The coho salmon donation period is Monday. Aug. 20, through Sunday, Sept. 2. To donate, commercial fishermen can sign up and indicate how many pounds they want to donate when they offload at Seafood Producers Cooperative or Sitka Sound Seafoods during the donation period. The program can only accept commercially caught fish (no sport or subsistence fish). The hope is to get enough coho salmon and rockfish donated that locally caught fish can be offered to students at least once a week. Sign-up sheets will be posted at the scale shacks and in the main offices. Only coho salmon and rockfish will be accepted.

Keet Gooshi Heen Elementary School student Naomi Capp, age 9, talks with fisherman Steve Lawrie Wednesday (April 25, 2018) during lunch at the school. The elementary school was hosting fishermen who donated part of their catch to the Fish to Schools program. The program is managed by the Sitka Conservation Society and provides fish dishes as part of the lunch programs at Baranof Elementary School, Keet Gooshi Heen Elementary School, Blatchley Middle School, Sitka High School, Pacific High School, the SEER School, and Mount Edgecumbe High School. (Daily Sitka Sentinel Photo by James Poulson)

The Sitka Fish To Schools project (click here to see short video) got its start as a community wellness project at the 2010 Sitka Health Summit, and now is managed by the Sitka Conservation Society. It started by providing a monthly fish dish as part of the school lunch as Blatchley Middle School, and since then has grown to feature regular fish dishes as part of the lunch programs at Baranof Elementary SchoolKeet Gooshi Heen Elementary SchoolBlatchley Middle SchoolSitka High SchoolPacific High School (where the alternative high school students cook the meals themselves), the SEER School, and Mount Edgecumbe High School.

In addition to serving locally caught fish meals as part of the school lunch program, the Fish To Schools program also brings local fishermen, fisheries biologists and chefs to the classroom to teach the kids about the importance of locally caught fish in Sitka. The program received an innovation award from the Alaska Farm To Schools program during a community celebration dinner in May 2012, and now serves as a model for other school districts from coastal fishing communities. In May 2014, the Fish to Schools program released a guidebook so other school districts in Alaska could create similar programs.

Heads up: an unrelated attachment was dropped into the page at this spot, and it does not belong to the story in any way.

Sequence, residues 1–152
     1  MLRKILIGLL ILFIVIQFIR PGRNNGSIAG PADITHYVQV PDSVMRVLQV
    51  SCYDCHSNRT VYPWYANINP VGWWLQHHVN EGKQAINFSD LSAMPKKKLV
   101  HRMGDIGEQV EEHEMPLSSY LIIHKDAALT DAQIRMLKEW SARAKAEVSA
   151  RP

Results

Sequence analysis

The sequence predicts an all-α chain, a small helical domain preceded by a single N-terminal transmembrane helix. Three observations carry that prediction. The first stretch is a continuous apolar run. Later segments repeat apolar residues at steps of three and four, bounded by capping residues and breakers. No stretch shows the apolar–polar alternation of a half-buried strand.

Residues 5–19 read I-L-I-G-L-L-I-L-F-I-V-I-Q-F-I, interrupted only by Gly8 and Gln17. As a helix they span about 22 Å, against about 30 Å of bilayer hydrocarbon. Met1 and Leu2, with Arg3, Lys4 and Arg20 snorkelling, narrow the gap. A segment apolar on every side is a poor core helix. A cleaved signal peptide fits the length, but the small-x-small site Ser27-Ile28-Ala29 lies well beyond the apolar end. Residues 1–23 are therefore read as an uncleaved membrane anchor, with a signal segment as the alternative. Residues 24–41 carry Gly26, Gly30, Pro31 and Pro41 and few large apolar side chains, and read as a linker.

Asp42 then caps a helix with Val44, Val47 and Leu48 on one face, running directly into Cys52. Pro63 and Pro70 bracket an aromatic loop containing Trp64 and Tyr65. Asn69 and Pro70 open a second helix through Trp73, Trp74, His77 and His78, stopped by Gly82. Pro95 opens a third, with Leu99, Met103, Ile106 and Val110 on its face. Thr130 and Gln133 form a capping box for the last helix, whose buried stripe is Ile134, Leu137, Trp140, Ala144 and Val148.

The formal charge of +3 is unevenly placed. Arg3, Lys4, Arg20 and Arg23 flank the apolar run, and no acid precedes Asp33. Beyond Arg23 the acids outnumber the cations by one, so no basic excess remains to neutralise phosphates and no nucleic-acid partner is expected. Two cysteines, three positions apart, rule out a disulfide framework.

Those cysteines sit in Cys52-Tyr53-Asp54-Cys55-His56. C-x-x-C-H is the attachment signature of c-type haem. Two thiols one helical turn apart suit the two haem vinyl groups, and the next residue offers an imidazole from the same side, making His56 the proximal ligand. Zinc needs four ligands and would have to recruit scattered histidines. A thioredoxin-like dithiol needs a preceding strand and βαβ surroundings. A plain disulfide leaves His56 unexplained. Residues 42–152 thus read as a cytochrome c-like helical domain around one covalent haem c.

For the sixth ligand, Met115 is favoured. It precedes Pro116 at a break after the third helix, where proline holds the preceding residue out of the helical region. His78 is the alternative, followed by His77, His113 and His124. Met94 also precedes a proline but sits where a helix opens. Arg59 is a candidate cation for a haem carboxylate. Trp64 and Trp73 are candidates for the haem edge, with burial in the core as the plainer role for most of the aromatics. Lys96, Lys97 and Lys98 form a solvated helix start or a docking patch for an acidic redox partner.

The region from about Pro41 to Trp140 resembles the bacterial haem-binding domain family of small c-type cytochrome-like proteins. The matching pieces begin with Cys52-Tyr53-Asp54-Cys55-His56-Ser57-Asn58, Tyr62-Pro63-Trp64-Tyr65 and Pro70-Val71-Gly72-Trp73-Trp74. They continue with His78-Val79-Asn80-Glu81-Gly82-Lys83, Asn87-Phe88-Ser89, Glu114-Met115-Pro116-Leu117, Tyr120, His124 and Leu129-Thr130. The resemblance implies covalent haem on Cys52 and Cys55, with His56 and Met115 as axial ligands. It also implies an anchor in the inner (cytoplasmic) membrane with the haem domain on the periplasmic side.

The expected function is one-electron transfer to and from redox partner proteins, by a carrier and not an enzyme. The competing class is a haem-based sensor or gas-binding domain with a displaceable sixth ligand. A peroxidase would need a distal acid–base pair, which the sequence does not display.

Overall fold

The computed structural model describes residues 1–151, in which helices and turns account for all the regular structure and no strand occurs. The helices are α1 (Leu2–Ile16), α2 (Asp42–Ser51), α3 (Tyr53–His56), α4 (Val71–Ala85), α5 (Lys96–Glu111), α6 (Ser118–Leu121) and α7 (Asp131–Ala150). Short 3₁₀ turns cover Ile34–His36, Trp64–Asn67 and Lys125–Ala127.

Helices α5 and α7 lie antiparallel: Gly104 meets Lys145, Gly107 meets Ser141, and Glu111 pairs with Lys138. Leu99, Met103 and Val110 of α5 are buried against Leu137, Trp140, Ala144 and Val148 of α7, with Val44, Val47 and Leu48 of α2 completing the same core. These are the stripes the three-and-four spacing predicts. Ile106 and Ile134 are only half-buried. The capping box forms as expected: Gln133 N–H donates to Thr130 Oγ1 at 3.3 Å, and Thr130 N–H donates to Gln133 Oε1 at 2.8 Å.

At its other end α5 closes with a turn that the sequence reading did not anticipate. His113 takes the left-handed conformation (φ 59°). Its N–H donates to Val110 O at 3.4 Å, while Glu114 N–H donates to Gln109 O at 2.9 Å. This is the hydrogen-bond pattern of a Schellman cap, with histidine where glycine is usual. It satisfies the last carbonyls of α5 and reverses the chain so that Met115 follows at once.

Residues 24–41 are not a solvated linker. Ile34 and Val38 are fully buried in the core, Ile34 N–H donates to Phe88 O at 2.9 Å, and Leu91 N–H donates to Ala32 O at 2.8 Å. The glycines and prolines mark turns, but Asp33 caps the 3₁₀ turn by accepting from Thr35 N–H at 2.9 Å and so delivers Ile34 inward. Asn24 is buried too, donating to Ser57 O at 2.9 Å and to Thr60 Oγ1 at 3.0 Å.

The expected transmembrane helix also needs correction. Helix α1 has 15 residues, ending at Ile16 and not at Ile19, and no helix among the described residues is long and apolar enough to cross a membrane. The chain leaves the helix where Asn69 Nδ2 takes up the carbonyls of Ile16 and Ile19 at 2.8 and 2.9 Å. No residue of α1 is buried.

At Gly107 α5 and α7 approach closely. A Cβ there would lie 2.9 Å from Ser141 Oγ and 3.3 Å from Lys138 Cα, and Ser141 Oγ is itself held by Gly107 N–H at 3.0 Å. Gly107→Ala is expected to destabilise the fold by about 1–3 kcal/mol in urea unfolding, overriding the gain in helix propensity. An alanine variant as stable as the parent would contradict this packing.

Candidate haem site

For more information, contact Chandler O’Connell of the Sitka Conservation Society at 747-7509 or email chandler@sitkawild.org. If you would like to donate FAS (frozen at sea) fish, please call or text Lexi Fish Hackett at 738-5684.

Keet Gooshi Heen Elementary School hosts We Love Our Fishermen lunch as part of Fish To Schools program

Keet Gooshi Heen Elementary School student Naomi Capp, age 9, talks with fisherman Steve Lawrie during a “We Love Our Fishermen” lunch on Wednesday (April 26) at the school. The elementary school was hosting fishermen who donated part of their catch to the Fish to Schools program. The program is managed by the Sitka Conservation Society and provides locally caught fish dishes and education about fishing as part of the lunch programs at Baranof Elementary School, Keet Gooshi Heen Elementary School, Blatchley Middle School, Sitka High School, Pacific High School, the SEER School, and Mount Edgecumbe High School. The Fish to Schools program was a project of the Sitka Health Summit. (Daily Sitka Sentinel Photo by James Poulson)